And that should no longer surprise any of us. Because once elected, politicians can do just as they please.
On the subject of the National Health Service, which is attracting greater media coverage as the government’s reforms near their most crucial stage, I read last night of a senior health professional who is facing disciplinary action for publicly adding his voice to the wave of criticism over the bill.
Presumably the concerns of the professional in question are, like most critics, based on fears that the planned restructure will affect the quality of treatment and care throughout the Health Service.
The action being taken against him by NHS management is based on their stance that it is “inappropriate for individuals to raise personal concerns about the government reforms” and comes just two days after David Cameron held a summit on the NHS reorganization with only the professional bodies who have offered some degree of support for the reform in attendance.
Less than two months ago, the Department of Health set up a free helpline for whistleblowers who felt it necessary to report issues of poor practice within the health service in order to help raise standards.
Of the helpline, Health Secretary Andrew Lansley said: “This will play an important role in creating a culture where staff will be able to raise genuine concerns in good faith, without fear of reprisal.”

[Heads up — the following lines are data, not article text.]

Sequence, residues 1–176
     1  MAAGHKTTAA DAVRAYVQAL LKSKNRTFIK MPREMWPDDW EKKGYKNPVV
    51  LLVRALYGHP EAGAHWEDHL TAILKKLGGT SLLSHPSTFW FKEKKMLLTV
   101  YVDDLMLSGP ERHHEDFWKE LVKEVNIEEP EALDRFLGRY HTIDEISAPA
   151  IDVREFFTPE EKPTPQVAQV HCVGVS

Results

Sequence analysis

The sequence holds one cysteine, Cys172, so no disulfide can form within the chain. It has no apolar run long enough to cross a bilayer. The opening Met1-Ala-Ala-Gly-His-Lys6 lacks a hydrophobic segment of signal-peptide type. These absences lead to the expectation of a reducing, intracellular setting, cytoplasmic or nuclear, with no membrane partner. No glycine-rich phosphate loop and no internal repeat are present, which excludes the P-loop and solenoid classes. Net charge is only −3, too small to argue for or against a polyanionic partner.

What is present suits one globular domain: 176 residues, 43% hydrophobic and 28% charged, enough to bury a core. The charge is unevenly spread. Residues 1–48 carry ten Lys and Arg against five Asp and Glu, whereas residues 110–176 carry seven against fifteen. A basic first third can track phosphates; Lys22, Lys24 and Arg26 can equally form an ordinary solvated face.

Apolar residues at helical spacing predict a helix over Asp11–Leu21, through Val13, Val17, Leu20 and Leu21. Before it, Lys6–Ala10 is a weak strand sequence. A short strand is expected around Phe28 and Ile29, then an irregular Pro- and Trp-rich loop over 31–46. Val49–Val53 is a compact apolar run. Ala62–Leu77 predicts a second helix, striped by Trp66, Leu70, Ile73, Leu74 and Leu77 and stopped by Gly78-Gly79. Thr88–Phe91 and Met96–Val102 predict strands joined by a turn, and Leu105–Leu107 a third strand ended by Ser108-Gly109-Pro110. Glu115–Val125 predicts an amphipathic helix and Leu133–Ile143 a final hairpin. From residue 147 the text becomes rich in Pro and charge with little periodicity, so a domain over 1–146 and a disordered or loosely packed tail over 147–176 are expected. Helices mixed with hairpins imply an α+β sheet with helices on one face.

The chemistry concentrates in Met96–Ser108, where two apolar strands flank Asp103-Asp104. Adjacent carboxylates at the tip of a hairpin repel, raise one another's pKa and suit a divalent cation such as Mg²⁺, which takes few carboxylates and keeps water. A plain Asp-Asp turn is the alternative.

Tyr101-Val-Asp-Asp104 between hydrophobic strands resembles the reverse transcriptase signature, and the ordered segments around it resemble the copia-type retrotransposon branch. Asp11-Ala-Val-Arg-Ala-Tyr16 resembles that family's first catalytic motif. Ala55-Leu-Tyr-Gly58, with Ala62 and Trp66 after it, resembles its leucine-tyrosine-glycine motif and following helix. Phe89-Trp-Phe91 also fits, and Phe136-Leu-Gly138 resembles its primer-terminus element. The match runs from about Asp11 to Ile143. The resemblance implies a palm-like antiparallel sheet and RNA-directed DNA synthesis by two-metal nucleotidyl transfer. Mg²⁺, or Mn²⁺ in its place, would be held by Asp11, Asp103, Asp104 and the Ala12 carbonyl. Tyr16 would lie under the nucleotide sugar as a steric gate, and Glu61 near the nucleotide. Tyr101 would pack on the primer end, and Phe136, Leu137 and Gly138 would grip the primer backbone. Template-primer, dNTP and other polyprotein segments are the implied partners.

Perhaps “genuine concerns” can only relate to practices currently being undertaken and cannot be raised in advance of anything which is feared to be of no benefit to patients.
If that is the case then whilst the professional at the centre of the disciplinary action may be forced into silence for the meantime – along with any other professionals who fear for the future of the NHS – the whistleblowing hotlines could be rather busy if or when the reforms do get the go-ahead.
As David Cameron holds a special summit at Downing Street today, there are fewer signs than ever that this is a government prepared to listen.
Following initial criticism of the plans for widespread NHS reform, a high profile “listening exercise” was conducted between April and July of last year in order to address some of the concerns and encourage greater support for the reforms.